Artist Mike Leavitt pays homage to 16 of his favorite filmmakers with King Cuts, a collection of quarter-scale sculptures made of wood and polymer clay. Each sculpture combines a filmmaker’s head with a body referencing their movies. Or in Spike Lee’s case, his body.
Like the Slow Jo watch, Scott Thrift’s Today clock has a 24-hour dial, which means its hour hand makes only one rotation per day. The relaxing and contemplative clock face was inspired by the view from 30,000ft. Available as a desk clock or a wall clock.
Experimental artist Bhautik Joshi used a special deep neural network rendering method to transform scenes from Stanely Kubrick’s classic into a surreal Picasso-esque world. We’d love to see an entire movie illustrated in this style.
Performance artists U-Machine created this work in which a pole dancer interacts with the geometric images projected on the screen behind her. The result is a live performance that could pass as the opening credit sequence for the next James Bond movie (if it had guns.)
The 2016 New York City Drone Film Festival (yes, that’s a thing) put together this reel of highlights from some of the best aerial footage on display, from stunning nature shots, to awe-inspiring action and stunt flying. Check out all the winning films here.
Inspire to Make shows off a neat project you can do with one of those 3Doodler pens. By using a glass lampshade as a form, then doodling shapes over the shade, you can create a one-of-a-kind original shade.
Artist Harland Miller is most known for his gigantic canvas prints of the iconic Penguin book cover but with the titles replaced with sardonic statements. Other Criteria printed some of those artworks on a limited edition of deckchairs, as well as on a beach towel.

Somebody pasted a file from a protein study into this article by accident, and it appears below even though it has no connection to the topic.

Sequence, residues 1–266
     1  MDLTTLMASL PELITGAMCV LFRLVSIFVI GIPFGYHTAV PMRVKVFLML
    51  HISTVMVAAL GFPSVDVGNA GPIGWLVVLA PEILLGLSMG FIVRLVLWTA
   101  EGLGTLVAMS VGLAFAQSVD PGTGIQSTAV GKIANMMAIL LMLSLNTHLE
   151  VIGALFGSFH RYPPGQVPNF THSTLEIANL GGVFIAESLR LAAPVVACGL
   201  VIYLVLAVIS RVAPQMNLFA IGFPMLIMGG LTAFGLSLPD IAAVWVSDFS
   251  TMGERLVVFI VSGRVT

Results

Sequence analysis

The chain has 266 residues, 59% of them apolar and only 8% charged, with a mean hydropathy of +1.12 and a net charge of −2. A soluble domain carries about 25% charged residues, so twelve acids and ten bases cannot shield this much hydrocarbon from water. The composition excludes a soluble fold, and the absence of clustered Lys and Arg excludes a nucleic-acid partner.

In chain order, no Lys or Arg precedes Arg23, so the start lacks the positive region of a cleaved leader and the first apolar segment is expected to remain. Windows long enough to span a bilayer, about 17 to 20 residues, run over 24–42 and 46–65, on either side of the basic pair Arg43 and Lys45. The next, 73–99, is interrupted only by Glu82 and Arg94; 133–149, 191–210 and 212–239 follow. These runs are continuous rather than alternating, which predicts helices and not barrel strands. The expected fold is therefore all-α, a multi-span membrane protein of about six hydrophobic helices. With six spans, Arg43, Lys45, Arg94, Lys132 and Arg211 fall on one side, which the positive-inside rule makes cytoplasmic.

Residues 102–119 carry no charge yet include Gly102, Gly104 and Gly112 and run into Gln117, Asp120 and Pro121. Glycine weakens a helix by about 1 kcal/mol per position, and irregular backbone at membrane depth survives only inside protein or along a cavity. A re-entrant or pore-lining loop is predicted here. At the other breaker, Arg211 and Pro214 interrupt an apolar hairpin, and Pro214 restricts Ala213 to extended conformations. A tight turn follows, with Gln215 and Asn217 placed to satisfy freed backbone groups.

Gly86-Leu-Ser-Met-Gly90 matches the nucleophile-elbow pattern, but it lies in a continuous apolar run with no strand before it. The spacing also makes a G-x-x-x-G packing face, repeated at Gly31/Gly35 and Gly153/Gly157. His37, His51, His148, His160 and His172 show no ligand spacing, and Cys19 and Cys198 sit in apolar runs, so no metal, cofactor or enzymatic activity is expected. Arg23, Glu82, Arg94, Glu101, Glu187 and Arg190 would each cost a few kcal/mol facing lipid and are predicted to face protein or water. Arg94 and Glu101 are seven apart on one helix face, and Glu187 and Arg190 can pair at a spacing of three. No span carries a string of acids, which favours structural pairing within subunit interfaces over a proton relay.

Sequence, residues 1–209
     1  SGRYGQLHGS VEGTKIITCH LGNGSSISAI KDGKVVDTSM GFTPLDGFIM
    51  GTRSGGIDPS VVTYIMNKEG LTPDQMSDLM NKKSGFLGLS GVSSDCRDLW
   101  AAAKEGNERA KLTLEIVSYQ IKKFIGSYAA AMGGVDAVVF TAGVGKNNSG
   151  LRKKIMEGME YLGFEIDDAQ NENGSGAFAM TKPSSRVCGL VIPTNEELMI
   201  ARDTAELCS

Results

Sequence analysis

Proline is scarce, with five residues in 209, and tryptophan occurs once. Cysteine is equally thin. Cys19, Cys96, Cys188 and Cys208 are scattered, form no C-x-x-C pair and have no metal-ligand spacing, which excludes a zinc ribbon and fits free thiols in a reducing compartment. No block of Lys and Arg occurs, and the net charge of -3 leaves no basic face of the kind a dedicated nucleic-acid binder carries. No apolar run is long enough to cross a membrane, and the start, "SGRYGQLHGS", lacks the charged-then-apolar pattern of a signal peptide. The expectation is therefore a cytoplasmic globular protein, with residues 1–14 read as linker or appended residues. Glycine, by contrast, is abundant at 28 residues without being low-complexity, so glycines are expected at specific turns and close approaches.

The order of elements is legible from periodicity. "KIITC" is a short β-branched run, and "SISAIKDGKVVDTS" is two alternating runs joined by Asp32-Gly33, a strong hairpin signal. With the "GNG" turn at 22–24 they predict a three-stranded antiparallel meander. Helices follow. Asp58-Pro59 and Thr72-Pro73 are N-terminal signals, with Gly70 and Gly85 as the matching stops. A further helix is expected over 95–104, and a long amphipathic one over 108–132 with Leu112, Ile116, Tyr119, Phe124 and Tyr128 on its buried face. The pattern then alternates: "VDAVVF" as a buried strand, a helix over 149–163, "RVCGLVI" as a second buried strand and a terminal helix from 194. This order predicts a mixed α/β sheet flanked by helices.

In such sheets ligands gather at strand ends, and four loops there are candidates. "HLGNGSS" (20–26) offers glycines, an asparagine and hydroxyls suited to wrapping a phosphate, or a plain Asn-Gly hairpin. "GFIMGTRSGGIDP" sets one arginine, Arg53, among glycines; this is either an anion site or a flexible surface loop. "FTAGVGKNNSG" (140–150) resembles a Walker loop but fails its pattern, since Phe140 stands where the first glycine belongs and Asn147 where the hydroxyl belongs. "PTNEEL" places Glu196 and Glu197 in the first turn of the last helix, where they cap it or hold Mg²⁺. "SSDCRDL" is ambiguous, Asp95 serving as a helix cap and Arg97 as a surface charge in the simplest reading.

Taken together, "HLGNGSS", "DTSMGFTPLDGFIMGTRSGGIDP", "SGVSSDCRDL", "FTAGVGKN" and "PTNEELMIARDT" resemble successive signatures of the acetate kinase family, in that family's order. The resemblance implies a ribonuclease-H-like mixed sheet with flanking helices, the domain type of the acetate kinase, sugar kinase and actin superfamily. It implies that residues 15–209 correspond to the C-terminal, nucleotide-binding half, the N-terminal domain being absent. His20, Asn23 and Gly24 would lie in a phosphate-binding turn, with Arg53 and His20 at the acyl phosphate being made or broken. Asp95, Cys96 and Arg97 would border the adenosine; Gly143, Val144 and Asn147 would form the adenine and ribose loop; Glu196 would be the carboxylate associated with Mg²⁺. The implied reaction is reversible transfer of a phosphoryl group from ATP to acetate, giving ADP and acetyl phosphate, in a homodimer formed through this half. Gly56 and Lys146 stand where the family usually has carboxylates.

Richard Sink’s Ultimate Toolbox is built around a used and reinforced oil drum. It has a discreet sliding door, three concave shelves mounted on a spinning rack and four casters. The final version will be customizable.
Cabot Guns painstakingly extracted the components of these handguns from a 4.5 billion year-old meteorite which landed in Gibeon, Namibia during pre-historic times. This handcrafted, one-of-a-kind set is valued at over $5 million, and we’d never want to fire them.
The FoldiMate is a robotic appliance that folds shirts, pants or towels. It handles up to 20 clothes at once and has an optional steamer that removes wrinkles and a capsule-based atomizer for perfume, fabric softener or sanitizer. Drops 2017 for $700+.
Ryan “The Brick Man” McNaught and a team of dedicated LEGO and Doctor Who fanatics spent over 300 hours building this life-size replica of the TARDIS. The sculpture appeared last year on Bondi Beach in Australia, and we presume it’s currently traveling through space and time.
Designed by Kram/Weisshaar for SapienStone, the Smart Slab is a discreetly high-tech table. Underneath its ceramic tabletop are inductive cooking, cooling and heating elements that let you cook and eat on the same surface, as well as keep food warm or cold.